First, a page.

Randy Writes Letters: Britney Spears
The ninth installment of our weekly series Randy Writes Letters. This week Randy writes to pop star Britney Spears, with an intelectual lead in that may have gone over the singers head. The series is a collection of correspondence to influential individuals and organizations, they run the gambit from the hilariously absurd to the serious issue of our time.
Dear Britney Spears,
My girlfriend and I were driving around today when we drove past a store being operated out of some woman’s garage called “Gift Fun Shop.” Obviously we decided to circle back around the block to check it out. Upon circling the block we then passed a garage sale, so, after visiting “Gift Fun Shop” and having a grand old time, we made another half circle and went to the garage sale. We had nothing better to do with our day. It was actually one of the better garage sales we’ve been to lately, even though I only ended up buying a book for fifty-cents called “Thoughts of the Young Radicals,” published in 1966, no less. Any which way, I took to reading this book because I find hippie politics quaint.
During my literary orgy of self-amusement I came upon upon a passage relating to the Vietnam War, lack of domestic social reform and the “impotence” of the general public to influence government decision-making that I found really interesting. Essentially this writer guy, Todd Gitlin, says that the public has been pushed out of politics by an elite group’s self-interest in free enterprise and their use of specialized knowledge. Now, I had always accepted as general truth that the most influential members of the federal government acted in their own self-interest, especially in regards to economic benefit, when making legislative decisions. However, I had never considered framing this generally exploitative behavior merely in terms of their privileged access to information. Once the problem is defined in these terms, it can be argued that politicians, with their access to specialized information, are now in possession of an indisputable expertise that makes them not only better qualified but, in fact, the only people qualified to make legislative decisions. By merely limiting our access to information about defense, foreign policy, national security and economics (to name a few) our government has cut out the entire population from the legislative process. This in and of itself is sort of bad, but what is worse, if you accept that childhood is a social construct and in some sense a byproduct of an adult’s wealth of specialized knowledge (on account of formal education and/or technical training), by limiting our access to information (and hence our ability to be formally and/or self-educated on these matters), our federal government has established their elite circle as adults and by doing so has reduced the general population to children.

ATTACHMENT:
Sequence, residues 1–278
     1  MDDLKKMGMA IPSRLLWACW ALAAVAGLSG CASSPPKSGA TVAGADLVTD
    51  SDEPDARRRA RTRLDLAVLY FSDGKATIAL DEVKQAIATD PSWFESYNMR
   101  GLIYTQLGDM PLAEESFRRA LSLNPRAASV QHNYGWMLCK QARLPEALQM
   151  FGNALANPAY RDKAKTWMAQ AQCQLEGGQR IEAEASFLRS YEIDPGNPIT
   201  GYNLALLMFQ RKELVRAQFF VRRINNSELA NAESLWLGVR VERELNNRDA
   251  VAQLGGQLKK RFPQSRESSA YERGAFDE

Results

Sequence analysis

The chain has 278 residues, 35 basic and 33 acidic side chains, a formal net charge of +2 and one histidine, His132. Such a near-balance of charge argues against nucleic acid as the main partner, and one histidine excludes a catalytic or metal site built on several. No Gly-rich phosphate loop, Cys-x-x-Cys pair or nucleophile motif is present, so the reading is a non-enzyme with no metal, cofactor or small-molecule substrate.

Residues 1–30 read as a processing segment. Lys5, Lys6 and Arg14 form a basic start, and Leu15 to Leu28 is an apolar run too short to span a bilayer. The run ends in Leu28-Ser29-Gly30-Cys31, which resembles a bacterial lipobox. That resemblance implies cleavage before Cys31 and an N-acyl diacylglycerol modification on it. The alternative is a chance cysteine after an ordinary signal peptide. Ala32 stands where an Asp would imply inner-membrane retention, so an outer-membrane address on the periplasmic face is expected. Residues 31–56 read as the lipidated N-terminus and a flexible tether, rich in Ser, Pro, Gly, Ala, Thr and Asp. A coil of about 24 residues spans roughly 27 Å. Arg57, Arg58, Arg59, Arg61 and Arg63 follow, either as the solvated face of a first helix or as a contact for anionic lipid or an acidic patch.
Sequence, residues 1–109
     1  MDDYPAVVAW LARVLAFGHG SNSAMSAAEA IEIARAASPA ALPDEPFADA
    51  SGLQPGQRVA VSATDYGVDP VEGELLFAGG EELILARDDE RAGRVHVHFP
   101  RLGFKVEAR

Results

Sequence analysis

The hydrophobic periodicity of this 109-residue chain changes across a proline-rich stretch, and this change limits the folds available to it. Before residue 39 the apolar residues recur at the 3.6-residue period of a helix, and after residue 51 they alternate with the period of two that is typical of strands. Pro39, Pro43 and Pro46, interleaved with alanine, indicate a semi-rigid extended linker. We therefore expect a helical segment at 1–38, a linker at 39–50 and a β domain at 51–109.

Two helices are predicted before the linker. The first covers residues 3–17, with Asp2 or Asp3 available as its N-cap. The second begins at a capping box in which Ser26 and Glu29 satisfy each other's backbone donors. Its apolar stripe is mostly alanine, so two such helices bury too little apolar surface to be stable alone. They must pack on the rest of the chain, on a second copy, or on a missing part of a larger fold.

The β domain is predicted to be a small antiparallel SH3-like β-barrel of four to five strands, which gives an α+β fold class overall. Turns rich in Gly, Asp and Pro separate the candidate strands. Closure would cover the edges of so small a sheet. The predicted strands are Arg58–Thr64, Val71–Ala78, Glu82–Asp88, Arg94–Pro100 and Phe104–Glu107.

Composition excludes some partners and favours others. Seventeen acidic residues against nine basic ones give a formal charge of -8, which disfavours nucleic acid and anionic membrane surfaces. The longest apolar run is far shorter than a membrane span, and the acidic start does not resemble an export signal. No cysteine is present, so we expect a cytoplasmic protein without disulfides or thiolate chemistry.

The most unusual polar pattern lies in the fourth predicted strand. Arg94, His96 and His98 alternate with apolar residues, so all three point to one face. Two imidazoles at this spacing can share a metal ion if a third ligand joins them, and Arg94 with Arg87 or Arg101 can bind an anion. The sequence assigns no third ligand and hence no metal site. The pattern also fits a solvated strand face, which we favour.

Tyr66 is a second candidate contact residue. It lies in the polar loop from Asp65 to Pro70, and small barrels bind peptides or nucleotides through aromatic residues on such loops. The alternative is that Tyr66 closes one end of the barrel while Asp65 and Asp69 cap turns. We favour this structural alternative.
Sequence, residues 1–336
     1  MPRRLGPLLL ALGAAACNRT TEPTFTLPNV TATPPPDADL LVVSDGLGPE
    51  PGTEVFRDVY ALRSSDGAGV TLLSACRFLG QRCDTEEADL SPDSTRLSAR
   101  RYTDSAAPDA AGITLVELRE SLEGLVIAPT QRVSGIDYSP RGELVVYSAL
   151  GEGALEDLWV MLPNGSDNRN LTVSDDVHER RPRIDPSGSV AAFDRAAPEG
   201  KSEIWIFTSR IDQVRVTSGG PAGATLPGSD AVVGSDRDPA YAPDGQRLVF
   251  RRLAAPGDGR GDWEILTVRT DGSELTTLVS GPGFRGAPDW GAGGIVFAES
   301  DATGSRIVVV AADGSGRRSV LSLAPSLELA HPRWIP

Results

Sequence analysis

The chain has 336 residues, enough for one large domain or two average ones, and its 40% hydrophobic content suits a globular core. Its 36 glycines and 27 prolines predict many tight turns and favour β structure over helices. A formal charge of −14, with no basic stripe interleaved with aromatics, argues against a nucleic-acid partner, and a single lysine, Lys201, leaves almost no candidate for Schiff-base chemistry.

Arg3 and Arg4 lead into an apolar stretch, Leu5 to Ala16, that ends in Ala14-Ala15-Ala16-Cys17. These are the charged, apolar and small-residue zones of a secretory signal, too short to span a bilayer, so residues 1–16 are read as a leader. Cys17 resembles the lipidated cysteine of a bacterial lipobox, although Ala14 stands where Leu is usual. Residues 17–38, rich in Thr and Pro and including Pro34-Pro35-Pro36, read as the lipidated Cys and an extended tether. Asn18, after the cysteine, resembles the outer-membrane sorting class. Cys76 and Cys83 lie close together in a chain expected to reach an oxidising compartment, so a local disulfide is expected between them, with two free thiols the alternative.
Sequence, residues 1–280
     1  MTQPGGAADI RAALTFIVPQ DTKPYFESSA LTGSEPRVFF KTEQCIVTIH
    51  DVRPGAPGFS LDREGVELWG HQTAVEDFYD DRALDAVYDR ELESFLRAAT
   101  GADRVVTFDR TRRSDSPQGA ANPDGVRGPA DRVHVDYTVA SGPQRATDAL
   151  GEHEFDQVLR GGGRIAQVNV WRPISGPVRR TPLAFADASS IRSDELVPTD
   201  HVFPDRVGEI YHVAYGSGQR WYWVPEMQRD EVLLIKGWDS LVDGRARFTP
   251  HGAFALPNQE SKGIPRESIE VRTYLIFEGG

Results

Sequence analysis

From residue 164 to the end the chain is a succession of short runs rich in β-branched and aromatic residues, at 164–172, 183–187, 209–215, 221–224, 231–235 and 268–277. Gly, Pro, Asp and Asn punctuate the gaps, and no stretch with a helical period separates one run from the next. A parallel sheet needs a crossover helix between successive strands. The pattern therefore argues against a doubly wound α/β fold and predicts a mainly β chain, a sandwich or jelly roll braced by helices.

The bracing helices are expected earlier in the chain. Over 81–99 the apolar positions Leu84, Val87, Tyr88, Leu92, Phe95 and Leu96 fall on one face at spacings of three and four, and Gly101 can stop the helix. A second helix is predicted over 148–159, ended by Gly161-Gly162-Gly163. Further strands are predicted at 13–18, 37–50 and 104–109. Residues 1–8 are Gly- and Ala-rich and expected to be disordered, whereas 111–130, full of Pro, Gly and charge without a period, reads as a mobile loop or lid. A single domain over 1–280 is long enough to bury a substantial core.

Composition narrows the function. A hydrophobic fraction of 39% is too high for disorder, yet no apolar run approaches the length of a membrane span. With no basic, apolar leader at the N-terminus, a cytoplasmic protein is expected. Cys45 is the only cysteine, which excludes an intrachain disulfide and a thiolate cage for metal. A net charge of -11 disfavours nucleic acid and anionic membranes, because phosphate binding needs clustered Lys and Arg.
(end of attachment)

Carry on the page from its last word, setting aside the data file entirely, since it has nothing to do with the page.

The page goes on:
In other terms, they are the enlightened monarchs and we are the ignorant serfs that are supposed to be grateful for their wise decrees. So, this is where you come in. There is a point to why I am writing you after all; I promise. Alright, so I was driving to pick my girlfriend up from class earlier today. I do a lot of driving. And I was listening to NPR because there never is anything better on. Truthfully I’d rather listen to music, but the radio has sucked a big one since the late 90’s, but I’m not going to point any fingers. Anyway, there was some random celebrity on NPR (I never got his name) and he was rambling on about the elevated status of celebrities in our society. In his opinion, he feels that because of our “ambivalent” attitude toward celebrity in our culture, they have been elevated to the level of nobility. His reasoning was that they were given unquestioning access to an elite society that most everyone else was denied on account of what must presumably be everyone else’s inherent serfdom. And this has really got me wondering whether access to be amongst the elite society of specialized knowledge is the same as being part of the elite society of specialized knowledge. Especially when you consider that there are people like Madonna, Angelina Jolie and Bono juggling African babies and debt relief while riding unicycles for the UN general assembly. Have these people really gained access to this society? Are they imparted with the same sort of specialized information as say, a diplomat to the UN? Or are they, as I suspect, merely court jesters allowed to wander the halls of the UN to appease the King? I ask you this because your history shows that you have risen out of the squalor of the masses to the prominent level of a Pop Princess and now you are floundering on the the railing of the castle’s outer-fortification. If you regain your stability, you will be able to step safely back within the castle, but if you shift even slightly in the wrong way you will quickly be waddling in the muck with the rest of us. And with this unique perspective upon class that very few people of your stature currently have, I was wondering if you have any insight into the matter of privilege and our society? I mean how would you compare yourself to someone like, say, Scooter Libby in terms of a breach of privilege? Albeit you are both seemingly members of the aristocracy that stepped out of line, would it be fair to say that he is he an adult that is being judiciously penalized for improper use of guarded knowledge and are you merely a petulant child being sent to bed early? Or am I completely off base? A timely answer would be appreciated. I’m really trying to sort this out before Monday.